About the Blog

I will post a new entry every few weeks. Some will be new writing and some will be past work that has relevance today. The writing will deal in some way with the themes that have been part of my teaching and writing life for decades:

•teaching and learning;
•educational opportunity;
•the importance of public education in a democracy;
•definitions of intelligence and the many manifestations of intelligence in school, work, and everyday life; and
•the creation of a robust and humane philosophy of education.

If I had to sum up the philosophical thread that runs through my work, it would be this: A deep belief in the ability of the common person, a commitment to educational, occupational, and cultural opportunity to develop that ability, and an affirmation of public institutions and the public sphere as vehicles for nurturing and expressing that ability.

My hope is that this blog will foster an online community that brings people together to continue the discussion.


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Thursday, August 16, 2012

Writing About Education

            For quite some time, I have been teaching two graduate courses to help students in education write more effectively, both for professional and general audiences. Professional writing in education, and in the social sciences generally, is not known for its eloquence, yet the issues written about – from child development to the economics of higher education – are hugely important. So all of us involved in education, from teachers and administrators to researchers to school board members, need to get better at writing about what we know best.

 I get asked about these courses a lot, so I thought it might be useful to reprint here a (slightly edited) section from a commentary I wrote about them for the journal College English (January, 2010). In the article, I focus on students in the midst of graduate study, but the general principles and the techniques could apply easily to teachers, administrators, and members of school boards.
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Education includes areas of study as different as history and developmental biology and psychology…as well as economics, linguistics, anthropology, political science, sociology, statistics, and more.  It is not uncommon for a student to study several of these disciplines, acquiring their vocabularies and modes of argument along the way, acquiring as well the authority of disciplinary membership.  But education is also intimately connected to broad public concerns, and the majority of students in education very much want to affect educational policy and practice.  How do they turn, and tune, their voices from the seminar room to the public sphere?  As they try to do so, they find themselves smack in the middle of a whole set of questions about communication: about writing, voice, audience, and the tension between the language of specialization and the language of public discourse.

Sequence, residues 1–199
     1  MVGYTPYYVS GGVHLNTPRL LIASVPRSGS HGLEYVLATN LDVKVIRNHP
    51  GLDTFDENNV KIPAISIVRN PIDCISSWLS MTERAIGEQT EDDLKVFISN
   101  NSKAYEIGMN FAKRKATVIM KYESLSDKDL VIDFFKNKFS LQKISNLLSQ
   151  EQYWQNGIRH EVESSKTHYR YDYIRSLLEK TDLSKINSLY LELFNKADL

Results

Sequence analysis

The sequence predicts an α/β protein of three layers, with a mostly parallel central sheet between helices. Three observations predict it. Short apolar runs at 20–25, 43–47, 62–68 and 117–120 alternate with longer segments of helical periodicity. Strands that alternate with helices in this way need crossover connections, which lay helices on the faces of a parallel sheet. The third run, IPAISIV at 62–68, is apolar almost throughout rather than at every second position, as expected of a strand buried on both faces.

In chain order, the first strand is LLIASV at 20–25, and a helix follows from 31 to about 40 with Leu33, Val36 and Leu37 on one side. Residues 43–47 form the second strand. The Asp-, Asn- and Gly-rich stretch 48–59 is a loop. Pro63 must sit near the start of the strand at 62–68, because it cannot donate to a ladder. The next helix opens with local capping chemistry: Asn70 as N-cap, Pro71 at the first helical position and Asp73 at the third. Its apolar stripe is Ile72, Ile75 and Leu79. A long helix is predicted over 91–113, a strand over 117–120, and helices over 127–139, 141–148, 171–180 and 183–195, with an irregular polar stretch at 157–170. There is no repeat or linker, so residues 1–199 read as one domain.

I hadn’t been in UCLA’s ed school for very long before these tensions became a focus of my teaching.  Student after student in child development, or language policy, or the study of higher education sat in my office expressing a desire to make a difference in the world, to communicate with the public about educational issues that mattered deeply to them.  But they didn’t know how to do it, or, to be more exact, worried that the specialized language of learning theory, or critical social thought, or organizational behavior that they had worked so hard to acquire both certified their authority in the academy and tongue-tied them when it came to writing for non-specialists.  Some also worried that these new languages – the syntax and vocabulary, the conventions and stance – left no room for a personal mark, for the deeply felt beliefs that brought them into education, for passion.

            The first course I developed helps students become more effective scholarly writers.  And while it certainly addresses everything from conventions of citation to summarizing a body of research literature, it also assists students in framing a tight argument and questioning it, in thinking hard about audience, in appropriating stylistic devices and considering the grace as well as informational content of their sentences.

            The course is structured like a workshop, and each student begins by reading aloud a piece of his or her writing, even if half of it is charts and statistical tables.  Because so many students in education come out of the social or psychological sciences, they rarely, if ever, had the opportunity to think about their writing as writing and not just a vehicle to hold information.  I want them to hear their writing.  I urge them to find other scholarly and non-scholarly writers they like and read them like a writer, noting and analyzing what it is they do that works – and then incorporating those writers’ techniques into their own work.  At the end of the quarter, I think that the primary thing students acquire is a rhetorical sense of their writing; style and audience are more on their minds. As one student put it so well: “The course got me to think of my writing as strategic. Who am I writing to? Where do I want to take them with my argument? How can I get them there?”